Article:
“It’s very impressive to a lot of the community members,” she said. “They’re like, ‘Oh, you speak Tagalog, are you from the Philippines? I’m like ‘No.’ ‘So you just learned it?’ ‘Yep, I just learned it.’”
Her ability draws a little teasing, though.
“Granted they’re like ‘Hah, you have an accent … you just sound so posh and American,’” Alda said. “Because I am! I don’t know what accent I’m supposed to have.”
Alda has found it hard to keep her language skills sharp while attending college, though. She doesn’t find many other Filipinos who speak Tagalog in Fairbanks.
The language is very different from English, she said.
“There are a lot of syllables, and if you miss a syllable it changes the meaning. And if you change which syllable you stress, it changes the meaning,” she said. “So if you’re trying to say ‘friend’ but you stress the wrong syllable, you say ‘lover.’ Then you’re like, ‘No, no, that’s not what I meant.’”
Success at UAF
When she came to UAF, Alda entered the pre-nursing certificate program. An anatomy and physiology class with Sandy Lewis, a former adjunct faculty member in the Department of Biology and Wildlife, changed that plan.
Alda wrote Lewis as an incoming first-year student, asking to take the 200-level class.
“I emailed her in the summer and was like ‘Hey, I took anatomy and physiology in high school. I did very well. I’m an honors student … please let me in your class.’”
Lewis did, and the lab work changed Alda’s plan.
“I love being in labs,” she said. “I can look under the microscope and basically diagnose patients. That’s pretty sweet.”
She switched to seek a four-year biology degree with an emphasis on biomedical science.
The anatomy class was hard, though.
“Throughout high school, I was in IB [International Baccalaureate] classes. I was in AP [Advanced Placement] classes. A lot of the things I did were purely memorization,” she said. “It was her class that really taught me to not learn things through memorization but to learn through concepts.”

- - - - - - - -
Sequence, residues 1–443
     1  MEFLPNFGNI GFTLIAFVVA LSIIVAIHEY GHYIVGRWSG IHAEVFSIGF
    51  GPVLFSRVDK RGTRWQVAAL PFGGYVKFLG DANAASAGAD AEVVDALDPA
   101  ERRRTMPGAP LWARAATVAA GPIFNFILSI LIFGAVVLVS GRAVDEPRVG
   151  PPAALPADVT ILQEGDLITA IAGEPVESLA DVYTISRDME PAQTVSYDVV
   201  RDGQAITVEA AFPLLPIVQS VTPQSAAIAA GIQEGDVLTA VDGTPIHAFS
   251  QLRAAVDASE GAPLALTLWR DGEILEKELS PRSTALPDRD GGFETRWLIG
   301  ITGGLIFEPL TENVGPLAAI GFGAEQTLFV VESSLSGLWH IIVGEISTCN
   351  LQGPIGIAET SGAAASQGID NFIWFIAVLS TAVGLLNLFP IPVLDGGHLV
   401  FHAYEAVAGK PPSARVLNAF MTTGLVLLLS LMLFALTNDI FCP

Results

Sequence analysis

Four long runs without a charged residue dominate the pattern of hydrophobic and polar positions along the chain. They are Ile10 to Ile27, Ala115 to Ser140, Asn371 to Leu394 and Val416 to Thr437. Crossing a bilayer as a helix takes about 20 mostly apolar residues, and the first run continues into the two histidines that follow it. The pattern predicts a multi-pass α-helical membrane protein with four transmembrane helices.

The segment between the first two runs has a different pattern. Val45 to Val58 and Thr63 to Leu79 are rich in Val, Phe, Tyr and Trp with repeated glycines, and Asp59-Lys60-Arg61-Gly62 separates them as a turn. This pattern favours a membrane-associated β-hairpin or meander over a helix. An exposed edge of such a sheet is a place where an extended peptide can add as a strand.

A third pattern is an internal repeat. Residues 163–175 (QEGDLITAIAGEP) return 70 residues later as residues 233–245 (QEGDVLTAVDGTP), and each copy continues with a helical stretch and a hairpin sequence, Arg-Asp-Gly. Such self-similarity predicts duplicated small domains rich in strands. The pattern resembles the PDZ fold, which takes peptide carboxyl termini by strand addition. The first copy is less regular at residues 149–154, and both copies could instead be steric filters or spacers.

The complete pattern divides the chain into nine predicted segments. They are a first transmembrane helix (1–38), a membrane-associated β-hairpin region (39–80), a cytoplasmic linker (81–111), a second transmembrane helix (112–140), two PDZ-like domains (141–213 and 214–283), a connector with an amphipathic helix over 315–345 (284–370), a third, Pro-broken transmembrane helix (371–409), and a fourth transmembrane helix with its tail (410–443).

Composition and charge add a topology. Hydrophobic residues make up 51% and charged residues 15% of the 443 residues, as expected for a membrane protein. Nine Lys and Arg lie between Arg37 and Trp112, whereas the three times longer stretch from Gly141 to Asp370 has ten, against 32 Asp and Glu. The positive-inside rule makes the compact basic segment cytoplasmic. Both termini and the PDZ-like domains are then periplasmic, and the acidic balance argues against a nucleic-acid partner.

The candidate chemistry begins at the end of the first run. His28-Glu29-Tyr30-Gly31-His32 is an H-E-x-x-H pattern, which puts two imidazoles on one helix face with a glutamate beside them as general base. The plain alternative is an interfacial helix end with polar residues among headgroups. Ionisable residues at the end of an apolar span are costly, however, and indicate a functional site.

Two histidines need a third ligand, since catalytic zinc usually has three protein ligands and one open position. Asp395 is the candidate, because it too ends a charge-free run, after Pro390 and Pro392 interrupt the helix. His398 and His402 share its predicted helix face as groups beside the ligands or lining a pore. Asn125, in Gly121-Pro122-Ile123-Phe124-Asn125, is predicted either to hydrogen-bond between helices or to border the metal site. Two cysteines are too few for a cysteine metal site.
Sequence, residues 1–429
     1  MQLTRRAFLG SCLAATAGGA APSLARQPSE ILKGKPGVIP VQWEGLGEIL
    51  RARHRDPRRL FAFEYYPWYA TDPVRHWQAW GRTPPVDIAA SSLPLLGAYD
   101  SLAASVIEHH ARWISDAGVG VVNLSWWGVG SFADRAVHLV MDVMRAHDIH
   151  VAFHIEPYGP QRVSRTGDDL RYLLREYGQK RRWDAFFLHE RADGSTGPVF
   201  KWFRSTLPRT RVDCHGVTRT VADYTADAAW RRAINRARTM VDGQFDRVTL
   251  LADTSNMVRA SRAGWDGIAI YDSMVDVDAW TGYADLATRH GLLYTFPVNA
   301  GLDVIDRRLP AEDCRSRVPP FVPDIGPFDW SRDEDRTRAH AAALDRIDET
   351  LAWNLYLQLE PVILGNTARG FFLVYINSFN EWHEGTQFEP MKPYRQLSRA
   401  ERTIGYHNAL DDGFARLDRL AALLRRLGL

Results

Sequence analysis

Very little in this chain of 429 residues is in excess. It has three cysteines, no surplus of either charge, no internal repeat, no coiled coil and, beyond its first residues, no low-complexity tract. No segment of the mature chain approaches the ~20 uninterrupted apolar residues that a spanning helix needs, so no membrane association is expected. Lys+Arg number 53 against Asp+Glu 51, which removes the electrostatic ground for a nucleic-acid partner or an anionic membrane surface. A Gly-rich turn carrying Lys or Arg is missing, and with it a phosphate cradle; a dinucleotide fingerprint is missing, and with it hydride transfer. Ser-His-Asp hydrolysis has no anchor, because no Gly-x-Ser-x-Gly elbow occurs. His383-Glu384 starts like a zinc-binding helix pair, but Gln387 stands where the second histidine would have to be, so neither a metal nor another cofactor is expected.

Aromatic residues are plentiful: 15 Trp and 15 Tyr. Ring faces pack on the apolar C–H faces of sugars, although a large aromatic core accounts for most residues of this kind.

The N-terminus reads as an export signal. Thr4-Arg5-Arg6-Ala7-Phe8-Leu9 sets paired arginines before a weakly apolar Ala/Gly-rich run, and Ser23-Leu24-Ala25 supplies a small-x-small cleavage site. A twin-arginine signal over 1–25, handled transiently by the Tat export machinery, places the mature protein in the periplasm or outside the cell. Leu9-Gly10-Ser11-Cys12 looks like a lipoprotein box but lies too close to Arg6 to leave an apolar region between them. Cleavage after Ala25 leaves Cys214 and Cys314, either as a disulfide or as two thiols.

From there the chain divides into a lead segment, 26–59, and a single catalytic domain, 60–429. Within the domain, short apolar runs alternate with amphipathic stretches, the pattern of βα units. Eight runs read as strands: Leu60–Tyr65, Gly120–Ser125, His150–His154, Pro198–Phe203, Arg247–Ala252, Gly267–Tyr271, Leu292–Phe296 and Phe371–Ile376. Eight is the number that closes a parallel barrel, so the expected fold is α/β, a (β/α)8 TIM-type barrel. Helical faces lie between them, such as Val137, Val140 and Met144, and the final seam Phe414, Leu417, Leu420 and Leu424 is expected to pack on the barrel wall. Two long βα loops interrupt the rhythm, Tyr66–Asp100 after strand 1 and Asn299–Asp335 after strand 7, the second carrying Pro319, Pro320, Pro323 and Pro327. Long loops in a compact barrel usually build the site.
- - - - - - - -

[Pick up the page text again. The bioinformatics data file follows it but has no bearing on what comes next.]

“I can look under the microscope and basically diagnose patients. That’s pretty sweet.”
Alda said she’s now interested in becoming certified to work as medical laboratory scientist. She has no plans to jump into graduate studies. She said she needs to take a little time to recover from the mental and emotional strain of the past year.
In the meantime, she’s working as an assistant admissions counselor at UAF.
She first joined the Admissions Office in 2018 as a student ambassador.
“It has opened so many doors. I’ve met so many cool people through it,” she said. Students across campus greet her regularly, remembering her sometimes as their first contact at UAF.
Anna Gagne-Hawes ’09, UAF’s director of admissions, said Alda has a rare gift for the work.
Alda can be on the phone charging up an incoming first-year student one minute and the next be comforting a single parent in tears wondering how to make college work, Gagne-Hawes said.
“She’s very intuitive about where people are at,” Gagne-Hawes said. “She’s able to switch gears very quickly.”
“It’s easy to be disconnected from what an emotional thing it is for many people to apply for college,” Gagne-Hawes said. “There’s just a lot of emotions involved in the process, both positive and intimidating.”
Alda’s background from a multigenerational immigrant family may help her navigate those different emotions, Gagne-Hawes said.
“A real value you get out of that is you physically live with people who are in different places in their lives,” she said. “You learn to pivot and adjust.”
The past year challenged Alda like no other.
“I saw her tested hard, and she proved how strong and resilient she is,” Gagne-Hawes said.
Alda, who graduated with cum laude honors, was selected as the student speaker for the 2021 commencement ceremony. She also received the 2021 Marion Frances Boswell Award, given to an outstanding bachelor’s degree candidate.
A deliberative signature
Alda said she intentionally placed the tattoo she carries on her arm so it’s not the first thing people notice about her. It becomes visible only when she lifts her arm to move her hair or brush away a mosquito.
The distinctive image adorns her left forearm, because that’s closest to the hand that held her father’s when he died of a stroke.
He was just 49 years old. Alda was with him when it happened. His speech slurred. His motions became awkward.
From her biomedical training, she knew what was happening. His lifestyle, working two jobs, getting no sleep and the stresses of the COVID-19 pandemic overcame him, she said.
He spent a week in the hospital in Anchorage before dying.
“I saw her tested hard, and she proved how strong and resilient she is.”
The next day, Alda made an appointment to get the tattoo.